F. Paul Maloof's answer Rather than suing for emotional harassment, which may require your physiatrist's testimony to prove your claim, you would be better served to go to the Court and apply for a "protective order" based on harassment.
I do not handle domestic cases, especially with regard to cats. Sorry.
Generally speaking, Virginia law treats animals as property, making theft of animals in Virginia a crime. Va. Code 18.2-97 defines this as larceny and a felony.
In order for anyone to be prosecuted for this, a complaining witness must first establish that the animal in question was, in fact, theirs to begin with. In this situation, it sounds like you may have been living with your parents for some time with your dog in the same home. On one hand, your parents...
G. Rex Flynn Jr.'s answer If you have been charged with a crime, the burden of persuasion before the court if on the Government. In other words, the government has to convince the judge / jury that there is no reasonable doubt that you lied to them. That is an extremely high burden to meet. Obviously, preparation of a defense in a situation that you describe requires the time and attention of an attorney, and you should contact an attorney to sit down and talk with them about the specifics of your case, so that you...
Peter N. Munsing's answer You can sue her for the extras on the grounds of detrimental reliance. But you'd have to sue her there, go down to court there. May just be as you were set on getting two pups to look around and get one you like for starters and leave that issue be.
Matthew Lane Kreitzer's answer The answer to your question would depend on a series of questions related to your living arrangements, any lease terms or private agreements, and how much of a risk the dog presents. Your best bet is to reach out to a lawyer through the Virginia Lawyer Referral Service.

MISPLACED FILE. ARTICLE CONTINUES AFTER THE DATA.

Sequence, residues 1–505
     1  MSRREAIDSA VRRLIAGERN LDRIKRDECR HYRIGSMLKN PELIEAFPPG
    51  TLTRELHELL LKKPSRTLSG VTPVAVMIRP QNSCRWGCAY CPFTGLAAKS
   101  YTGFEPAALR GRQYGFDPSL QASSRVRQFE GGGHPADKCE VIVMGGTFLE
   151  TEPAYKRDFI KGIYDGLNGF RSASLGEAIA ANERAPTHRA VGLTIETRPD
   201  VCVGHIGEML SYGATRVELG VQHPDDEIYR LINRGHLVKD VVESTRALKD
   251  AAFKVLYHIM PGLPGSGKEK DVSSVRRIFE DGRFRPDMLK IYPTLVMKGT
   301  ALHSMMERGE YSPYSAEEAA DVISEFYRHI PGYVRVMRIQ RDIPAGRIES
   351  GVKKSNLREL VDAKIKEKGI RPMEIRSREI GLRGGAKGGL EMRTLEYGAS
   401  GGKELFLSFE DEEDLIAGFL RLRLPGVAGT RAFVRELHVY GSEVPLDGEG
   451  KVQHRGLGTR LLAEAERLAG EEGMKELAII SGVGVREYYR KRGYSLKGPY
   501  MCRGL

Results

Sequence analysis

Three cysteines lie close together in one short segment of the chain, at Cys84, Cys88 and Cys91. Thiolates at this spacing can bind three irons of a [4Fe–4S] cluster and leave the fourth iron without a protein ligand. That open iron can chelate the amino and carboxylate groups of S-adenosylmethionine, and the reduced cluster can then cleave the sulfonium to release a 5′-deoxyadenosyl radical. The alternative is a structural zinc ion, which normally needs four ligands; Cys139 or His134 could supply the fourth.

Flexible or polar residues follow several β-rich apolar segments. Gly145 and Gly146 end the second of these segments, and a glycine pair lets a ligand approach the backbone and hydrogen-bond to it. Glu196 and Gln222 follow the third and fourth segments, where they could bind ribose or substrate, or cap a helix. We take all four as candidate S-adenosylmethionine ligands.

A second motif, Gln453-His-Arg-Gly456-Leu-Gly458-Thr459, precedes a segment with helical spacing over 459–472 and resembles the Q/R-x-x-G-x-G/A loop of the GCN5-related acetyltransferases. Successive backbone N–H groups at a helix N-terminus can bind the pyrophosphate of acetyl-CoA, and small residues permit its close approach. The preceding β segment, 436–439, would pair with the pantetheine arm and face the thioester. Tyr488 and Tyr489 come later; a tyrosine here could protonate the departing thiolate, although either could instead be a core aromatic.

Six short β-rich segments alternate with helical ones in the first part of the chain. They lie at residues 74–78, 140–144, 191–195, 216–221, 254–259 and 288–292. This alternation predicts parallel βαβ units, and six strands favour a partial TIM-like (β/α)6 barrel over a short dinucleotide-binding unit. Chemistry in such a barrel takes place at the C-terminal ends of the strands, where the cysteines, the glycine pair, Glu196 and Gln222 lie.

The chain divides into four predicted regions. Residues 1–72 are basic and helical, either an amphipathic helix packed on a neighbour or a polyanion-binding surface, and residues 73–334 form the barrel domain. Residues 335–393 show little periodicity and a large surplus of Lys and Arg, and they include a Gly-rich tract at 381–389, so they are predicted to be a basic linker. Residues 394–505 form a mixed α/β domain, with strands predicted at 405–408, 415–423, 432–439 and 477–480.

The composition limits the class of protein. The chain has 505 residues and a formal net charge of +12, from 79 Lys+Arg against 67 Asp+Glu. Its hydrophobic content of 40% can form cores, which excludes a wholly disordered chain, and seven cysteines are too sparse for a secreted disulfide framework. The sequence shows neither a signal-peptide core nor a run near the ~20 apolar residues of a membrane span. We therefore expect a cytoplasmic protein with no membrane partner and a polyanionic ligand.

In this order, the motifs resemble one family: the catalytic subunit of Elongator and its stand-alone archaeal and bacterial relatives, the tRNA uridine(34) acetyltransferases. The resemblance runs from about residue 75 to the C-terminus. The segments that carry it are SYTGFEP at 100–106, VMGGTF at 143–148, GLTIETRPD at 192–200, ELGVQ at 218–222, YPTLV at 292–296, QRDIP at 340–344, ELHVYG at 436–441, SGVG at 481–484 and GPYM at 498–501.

Matthew Lane Kreitzer's answer If you have real concerns regarding the safety of your animals and have prior incidents that show that your neighbor's dog is dangerous, there are other steps you should be taking prior to thinking about killing your neighbor's dog. You should contact the local authorities to discuss your concerns. You should also schedule a consultation with a local lawyer to fully understand how killing your neighbor's dog would adversely impact your chances of recovery.
F. Paul Maloof's answer A landlord cannot proceed to evict a tenant unless there is a court order granting the landlord possession. As for the stray cat, you should review your lease to see what it says about the tenant's obligation to report a stray cat. If there is nothing stated in the lease, the tenant has no obligation under the laws of Virginia.
F. Paul Maloof's answer You can call the police and complain that the Landlord is trespassing. You can also sue the landlord for breach of your covenant of quiet enjoyment. You may want to consult with a attorney in your local.
Steve Miyares' answer Under Virginia Code 3.2-6570, animal cruelty (Class 1 misdemeanor punishable by up to 12 months in jail and up to a $2500 fine) includes depriving an animal of "emergency veterinary treatment". You should consult with an attorney in your local jurisdiction to discuss the specific facts and circumstances of your situation to determine whether your dog requires "emergency veterinary treatment".
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